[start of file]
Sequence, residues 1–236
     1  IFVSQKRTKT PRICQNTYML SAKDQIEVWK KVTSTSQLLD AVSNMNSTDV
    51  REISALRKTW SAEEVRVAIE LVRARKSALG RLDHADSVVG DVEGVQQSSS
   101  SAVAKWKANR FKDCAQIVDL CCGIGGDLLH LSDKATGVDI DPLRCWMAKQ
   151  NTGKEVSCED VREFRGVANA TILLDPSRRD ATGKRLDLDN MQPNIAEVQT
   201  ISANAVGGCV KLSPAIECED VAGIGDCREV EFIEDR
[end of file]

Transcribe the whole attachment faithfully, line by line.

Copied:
Sequence, residues 1–236
     1  IFVSQKRTKT PRICQNTYML SAKDQIEVWK KVTSTSQLLD AVSNMNSTDV
    51  REISALRKTW SAEEVRVAIE LVRARKSALG RLDHADSVVG DVEGVQQSSS
   101  SAVAKWKANR FKDCAQIVDL CCGIGGDLLH LSDKATGVDI DPLRCWMAKQ
   151  NTGKEVSCED VREFRGVANA TILLDPSRRD ATGKRLDLDN MQPNIAEVQT
   201  ISANAVGGCV KLSPAIECED VAGIGDCREV EFIEDR